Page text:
Since its inception in 1997, state legislators have met the funding standards by the Mississippi Adequate Education Program (MAEP) only twice, underfunding education by a combined $2 billion over the past 20 years.
Protesters spoke out against the Republican-led legislature’s failure to offer the public more input on legislation and against proposals to scrap MAEP completely.
Leslie Fye, a mother of two children in the Starkville Oktibbeha Consolidated School District, was blunt about her misgivings concerning the Legislature.“I do not trust you,” the Clarion Ledger reported Leslie Fye, a mother of two in the Starkville Oktibbeha Consolidated School District, as saying to members of the legislature. “I do not trust you because I am often confused and offended by what you say about public education in Mississippi.”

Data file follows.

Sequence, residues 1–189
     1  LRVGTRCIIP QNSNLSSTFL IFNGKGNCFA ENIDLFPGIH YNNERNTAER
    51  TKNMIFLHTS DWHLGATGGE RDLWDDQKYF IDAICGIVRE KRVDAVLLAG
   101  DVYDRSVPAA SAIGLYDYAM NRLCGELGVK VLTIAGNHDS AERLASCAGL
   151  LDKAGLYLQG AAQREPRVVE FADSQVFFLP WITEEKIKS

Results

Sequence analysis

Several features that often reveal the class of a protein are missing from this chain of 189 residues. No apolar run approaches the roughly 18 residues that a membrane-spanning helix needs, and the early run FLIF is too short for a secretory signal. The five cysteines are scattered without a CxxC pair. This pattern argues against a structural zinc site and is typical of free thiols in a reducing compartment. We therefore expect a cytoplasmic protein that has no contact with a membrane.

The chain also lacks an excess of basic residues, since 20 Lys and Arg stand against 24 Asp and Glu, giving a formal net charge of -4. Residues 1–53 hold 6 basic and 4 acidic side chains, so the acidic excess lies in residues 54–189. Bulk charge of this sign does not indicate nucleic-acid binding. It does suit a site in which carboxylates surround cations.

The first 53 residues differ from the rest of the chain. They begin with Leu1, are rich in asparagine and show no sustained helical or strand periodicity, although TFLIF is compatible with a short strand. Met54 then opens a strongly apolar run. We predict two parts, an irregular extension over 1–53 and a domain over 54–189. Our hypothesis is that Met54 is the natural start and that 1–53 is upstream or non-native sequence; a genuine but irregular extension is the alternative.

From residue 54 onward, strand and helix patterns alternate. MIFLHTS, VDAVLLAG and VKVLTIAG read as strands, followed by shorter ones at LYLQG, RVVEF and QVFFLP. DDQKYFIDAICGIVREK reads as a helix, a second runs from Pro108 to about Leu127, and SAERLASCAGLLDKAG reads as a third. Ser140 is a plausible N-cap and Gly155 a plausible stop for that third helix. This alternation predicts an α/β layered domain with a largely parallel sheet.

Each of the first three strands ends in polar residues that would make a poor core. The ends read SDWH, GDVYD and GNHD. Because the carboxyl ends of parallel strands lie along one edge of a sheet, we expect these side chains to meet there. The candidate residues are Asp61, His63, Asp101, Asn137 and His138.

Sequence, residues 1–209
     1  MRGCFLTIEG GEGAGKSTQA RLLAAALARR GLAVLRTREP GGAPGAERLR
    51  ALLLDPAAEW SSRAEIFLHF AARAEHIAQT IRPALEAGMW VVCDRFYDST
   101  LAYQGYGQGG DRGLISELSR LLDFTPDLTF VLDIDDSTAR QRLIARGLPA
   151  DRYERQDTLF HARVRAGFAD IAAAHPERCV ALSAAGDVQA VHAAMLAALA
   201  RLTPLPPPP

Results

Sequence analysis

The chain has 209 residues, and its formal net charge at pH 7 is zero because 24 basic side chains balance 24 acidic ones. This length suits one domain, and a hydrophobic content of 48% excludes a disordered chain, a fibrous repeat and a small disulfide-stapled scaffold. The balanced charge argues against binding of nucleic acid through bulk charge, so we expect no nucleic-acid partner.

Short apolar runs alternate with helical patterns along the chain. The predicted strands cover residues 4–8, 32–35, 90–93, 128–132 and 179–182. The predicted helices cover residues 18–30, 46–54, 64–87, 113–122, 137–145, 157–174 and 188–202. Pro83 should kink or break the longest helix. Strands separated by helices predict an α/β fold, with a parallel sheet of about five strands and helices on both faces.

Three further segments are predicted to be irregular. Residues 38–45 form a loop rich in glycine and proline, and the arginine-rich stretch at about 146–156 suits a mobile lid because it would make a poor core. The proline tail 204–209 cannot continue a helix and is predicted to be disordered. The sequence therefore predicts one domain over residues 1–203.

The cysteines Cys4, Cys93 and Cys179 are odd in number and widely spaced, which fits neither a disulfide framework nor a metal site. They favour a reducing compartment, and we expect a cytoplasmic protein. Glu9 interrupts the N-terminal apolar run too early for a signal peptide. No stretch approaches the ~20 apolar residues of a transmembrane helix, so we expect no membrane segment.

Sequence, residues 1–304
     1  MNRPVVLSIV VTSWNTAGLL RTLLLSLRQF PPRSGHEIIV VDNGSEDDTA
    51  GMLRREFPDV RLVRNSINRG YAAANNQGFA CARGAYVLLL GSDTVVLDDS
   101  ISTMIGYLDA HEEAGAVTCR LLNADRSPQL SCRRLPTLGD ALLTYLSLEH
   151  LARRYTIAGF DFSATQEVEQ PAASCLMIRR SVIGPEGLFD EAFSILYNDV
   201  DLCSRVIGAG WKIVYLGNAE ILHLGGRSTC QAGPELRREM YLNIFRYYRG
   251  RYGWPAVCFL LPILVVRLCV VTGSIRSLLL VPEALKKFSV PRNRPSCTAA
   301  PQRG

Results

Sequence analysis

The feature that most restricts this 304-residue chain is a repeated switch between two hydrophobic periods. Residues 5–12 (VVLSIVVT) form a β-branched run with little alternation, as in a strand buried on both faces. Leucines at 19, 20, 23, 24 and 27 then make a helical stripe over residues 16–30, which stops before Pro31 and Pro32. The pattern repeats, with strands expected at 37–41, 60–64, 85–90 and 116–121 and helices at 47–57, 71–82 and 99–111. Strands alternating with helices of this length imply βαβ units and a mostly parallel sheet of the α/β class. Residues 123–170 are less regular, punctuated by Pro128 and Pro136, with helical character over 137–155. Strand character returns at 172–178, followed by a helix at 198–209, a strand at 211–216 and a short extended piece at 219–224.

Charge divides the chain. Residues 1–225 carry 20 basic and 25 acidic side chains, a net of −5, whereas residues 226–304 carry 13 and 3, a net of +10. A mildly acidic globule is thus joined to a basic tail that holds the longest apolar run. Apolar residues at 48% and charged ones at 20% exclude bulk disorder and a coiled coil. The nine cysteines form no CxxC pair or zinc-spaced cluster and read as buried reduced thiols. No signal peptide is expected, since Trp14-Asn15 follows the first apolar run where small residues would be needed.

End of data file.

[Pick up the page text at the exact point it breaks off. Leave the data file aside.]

Legislators’ last day to meet is April 2nd. If they do not pass reforms by then, it would be up to Governor Phil Bryant to call a special session to address the ongoing education shortfalls.The AP estimates that 300 people showed up to protest at the Mississippi State Capitol, demanding full funding for public education and transparency in proposed education-related legislation.